Programme and project management theory contains many valuable tools and techniques to enable the effective delivery of change. However, it is rarely looked at through a communications lens because we normally focus on the end date and the benefits which are going to be realised.
If we take a more introspective view into the programme delivery world we live in, pretty much everything we do is designed to communicate effective messages around programme delivery:
When carrying out programme and portfolio assurance reviews and analysing the reasons behind major issues on programmes, it is amazing how many times we find that communication is one of the root causes of costly delays and uncertain delivery. I am certain everyone reading this can easily think of a situation where things didn’t work out because of poor communication and low engagement, confidence and momentum in the programme.
With that in mind, here are three considerations to build your communication foundations:
1. Take Time to Understand your Audiences
It’s critical to remember that communication is a two-way process and involves listening to, reading and understanding the person you are trying to engage with through effective communication. Spend time analysing your audiences, for example:
Responding to and managing communications that are relevant to your stakeholders’ motivations and styles encourages better engagement and more successful and predictable delivery.
2. Ensure concise, visual and clear communications
When looking through a communications lens, first and foremost focus needs to be how to optimise the use of all the artefacts you are using to deliver your programme. This can greatly help the success and certainty of delivery, so adopt clear, concise and visual communications that empathise with the audiences and encourages engagement.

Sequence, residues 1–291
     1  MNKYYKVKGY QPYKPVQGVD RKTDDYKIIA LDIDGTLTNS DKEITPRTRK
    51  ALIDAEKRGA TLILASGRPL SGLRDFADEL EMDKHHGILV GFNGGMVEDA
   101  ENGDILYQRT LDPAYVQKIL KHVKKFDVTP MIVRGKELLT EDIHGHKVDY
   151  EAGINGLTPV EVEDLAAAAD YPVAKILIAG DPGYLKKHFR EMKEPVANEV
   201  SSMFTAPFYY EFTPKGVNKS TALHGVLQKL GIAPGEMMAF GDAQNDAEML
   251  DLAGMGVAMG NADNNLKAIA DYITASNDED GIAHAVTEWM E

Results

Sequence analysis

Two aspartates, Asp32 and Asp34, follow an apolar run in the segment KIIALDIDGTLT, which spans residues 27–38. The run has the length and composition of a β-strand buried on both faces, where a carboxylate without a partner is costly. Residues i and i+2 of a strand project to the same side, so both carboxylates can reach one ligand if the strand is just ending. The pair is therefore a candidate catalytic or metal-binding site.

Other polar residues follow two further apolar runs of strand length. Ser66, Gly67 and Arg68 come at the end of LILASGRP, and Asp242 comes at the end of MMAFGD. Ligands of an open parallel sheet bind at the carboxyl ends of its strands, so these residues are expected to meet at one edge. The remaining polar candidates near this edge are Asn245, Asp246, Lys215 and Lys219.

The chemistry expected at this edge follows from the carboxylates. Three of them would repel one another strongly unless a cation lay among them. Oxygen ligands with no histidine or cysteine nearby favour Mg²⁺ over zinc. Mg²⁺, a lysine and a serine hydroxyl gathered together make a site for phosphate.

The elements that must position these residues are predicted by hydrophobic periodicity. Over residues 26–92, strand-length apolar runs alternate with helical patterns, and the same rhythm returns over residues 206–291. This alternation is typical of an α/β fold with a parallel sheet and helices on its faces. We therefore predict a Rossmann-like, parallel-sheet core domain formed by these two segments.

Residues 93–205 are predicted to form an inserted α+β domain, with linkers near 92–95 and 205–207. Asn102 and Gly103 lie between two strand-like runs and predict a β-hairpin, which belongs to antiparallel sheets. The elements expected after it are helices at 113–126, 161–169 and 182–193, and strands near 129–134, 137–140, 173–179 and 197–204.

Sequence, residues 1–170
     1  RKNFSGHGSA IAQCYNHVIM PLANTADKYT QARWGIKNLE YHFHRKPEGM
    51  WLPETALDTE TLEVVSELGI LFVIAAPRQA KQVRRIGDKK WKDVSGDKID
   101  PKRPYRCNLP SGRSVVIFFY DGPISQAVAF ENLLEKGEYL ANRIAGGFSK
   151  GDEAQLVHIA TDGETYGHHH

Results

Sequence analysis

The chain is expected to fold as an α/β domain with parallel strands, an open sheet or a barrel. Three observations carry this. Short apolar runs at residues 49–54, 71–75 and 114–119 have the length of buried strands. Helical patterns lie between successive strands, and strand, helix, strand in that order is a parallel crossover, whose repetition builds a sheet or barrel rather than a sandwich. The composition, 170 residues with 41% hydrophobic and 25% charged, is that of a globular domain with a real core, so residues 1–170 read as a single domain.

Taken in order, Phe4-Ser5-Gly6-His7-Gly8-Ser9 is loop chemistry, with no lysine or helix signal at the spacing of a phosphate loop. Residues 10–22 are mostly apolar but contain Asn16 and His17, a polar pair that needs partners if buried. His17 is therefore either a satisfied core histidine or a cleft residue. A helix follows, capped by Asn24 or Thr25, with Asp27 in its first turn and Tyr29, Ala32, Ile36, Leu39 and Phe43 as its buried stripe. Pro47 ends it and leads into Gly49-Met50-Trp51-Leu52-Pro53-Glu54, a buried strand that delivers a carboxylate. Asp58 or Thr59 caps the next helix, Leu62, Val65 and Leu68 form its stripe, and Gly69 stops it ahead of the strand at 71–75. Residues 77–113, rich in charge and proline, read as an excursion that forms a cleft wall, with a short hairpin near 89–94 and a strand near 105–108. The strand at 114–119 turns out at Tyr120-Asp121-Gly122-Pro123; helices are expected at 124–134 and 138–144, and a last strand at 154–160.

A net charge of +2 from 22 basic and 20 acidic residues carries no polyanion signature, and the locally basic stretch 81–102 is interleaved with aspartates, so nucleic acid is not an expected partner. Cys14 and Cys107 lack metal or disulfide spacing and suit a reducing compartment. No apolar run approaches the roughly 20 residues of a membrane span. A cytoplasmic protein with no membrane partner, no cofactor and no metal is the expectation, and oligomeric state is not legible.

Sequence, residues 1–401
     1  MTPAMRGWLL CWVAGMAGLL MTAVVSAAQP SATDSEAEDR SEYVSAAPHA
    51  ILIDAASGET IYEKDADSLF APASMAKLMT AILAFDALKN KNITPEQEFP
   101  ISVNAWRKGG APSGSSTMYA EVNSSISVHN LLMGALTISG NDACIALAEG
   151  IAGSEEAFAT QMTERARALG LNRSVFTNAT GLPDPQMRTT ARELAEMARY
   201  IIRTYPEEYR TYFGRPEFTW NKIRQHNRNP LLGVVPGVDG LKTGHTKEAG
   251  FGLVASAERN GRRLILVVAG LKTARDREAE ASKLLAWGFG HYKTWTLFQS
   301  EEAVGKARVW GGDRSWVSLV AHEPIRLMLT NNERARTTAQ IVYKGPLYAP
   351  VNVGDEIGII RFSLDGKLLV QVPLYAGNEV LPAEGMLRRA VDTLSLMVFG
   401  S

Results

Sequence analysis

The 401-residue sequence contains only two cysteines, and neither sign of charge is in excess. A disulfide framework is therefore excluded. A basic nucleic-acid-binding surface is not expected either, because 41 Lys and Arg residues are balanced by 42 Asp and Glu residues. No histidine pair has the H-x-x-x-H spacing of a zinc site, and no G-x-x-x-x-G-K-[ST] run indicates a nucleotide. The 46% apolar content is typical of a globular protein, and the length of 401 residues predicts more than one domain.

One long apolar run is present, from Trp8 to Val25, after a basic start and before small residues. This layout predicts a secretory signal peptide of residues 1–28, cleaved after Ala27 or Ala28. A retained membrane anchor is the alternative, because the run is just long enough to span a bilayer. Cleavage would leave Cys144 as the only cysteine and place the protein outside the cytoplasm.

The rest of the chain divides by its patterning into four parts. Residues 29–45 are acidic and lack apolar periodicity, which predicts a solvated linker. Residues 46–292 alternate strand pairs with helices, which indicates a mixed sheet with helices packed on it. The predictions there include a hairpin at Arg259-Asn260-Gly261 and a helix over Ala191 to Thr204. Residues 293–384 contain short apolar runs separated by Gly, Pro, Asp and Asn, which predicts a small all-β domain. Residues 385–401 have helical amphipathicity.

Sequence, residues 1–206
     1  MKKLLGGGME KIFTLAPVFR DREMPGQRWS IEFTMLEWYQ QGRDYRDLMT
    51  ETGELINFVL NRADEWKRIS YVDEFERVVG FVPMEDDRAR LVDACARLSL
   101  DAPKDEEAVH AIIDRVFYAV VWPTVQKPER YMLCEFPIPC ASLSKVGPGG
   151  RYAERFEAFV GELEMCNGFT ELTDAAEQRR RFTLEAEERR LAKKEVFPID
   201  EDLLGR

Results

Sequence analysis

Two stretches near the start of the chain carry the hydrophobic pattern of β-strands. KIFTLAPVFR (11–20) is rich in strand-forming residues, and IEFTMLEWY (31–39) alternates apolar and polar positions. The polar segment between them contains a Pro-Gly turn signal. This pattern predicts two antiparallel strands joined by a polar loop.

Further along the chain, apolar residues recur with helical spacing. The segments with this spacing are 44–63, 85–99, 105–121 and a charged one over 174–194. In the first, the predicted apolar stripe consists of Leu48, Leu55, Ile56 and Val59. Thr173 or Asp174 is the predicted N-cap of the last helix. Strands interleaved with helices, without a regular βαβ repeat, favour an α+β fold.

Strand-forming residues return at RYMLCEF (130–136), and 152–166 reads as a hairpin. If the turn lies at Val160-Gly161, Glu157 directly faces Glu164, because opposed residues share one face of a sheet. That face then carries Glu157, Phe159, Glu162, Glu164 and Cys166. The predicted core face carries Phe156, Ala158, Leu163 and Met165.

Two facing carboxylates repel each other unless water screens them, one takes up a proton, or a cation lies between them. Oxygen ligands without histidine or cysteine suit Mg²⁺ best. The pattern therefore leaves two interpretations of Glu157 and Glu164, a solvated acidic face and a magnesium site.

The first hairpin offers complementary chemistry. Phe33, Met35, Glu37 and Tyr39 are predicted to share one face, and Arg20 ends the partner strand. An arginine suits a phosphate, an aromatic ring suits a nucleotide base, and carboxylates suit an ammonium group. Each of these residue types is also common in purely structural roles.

As an example, we have seen so many long and detailed programme executive summaries of which the target audience don’t get past the first sentence. The potential benefits the PM could have gained from a high quality, clear and concise update are immediately lost.
Most stakeholders are impatient and don’t have the luxury of time, so ensuring information is concise, visual and clear is crucial.
3. Use innovative tools to communicate effectively
Nowadays, we are in the massively fortunate position of having access to a wide and varied range of tools to communicate with. Using something new or different to communicate key messages is innovative, dynamic and compelling, and can really help the message land and be remembered while driving additional momentum and drawing key people into the programme.
Watch the video below for an example of an innovative programme communication tool that has a ‘wow factor’:
by Andy Parsons May 2019
by Rupert Taylor May 2019
by Rupert Taylor April 2019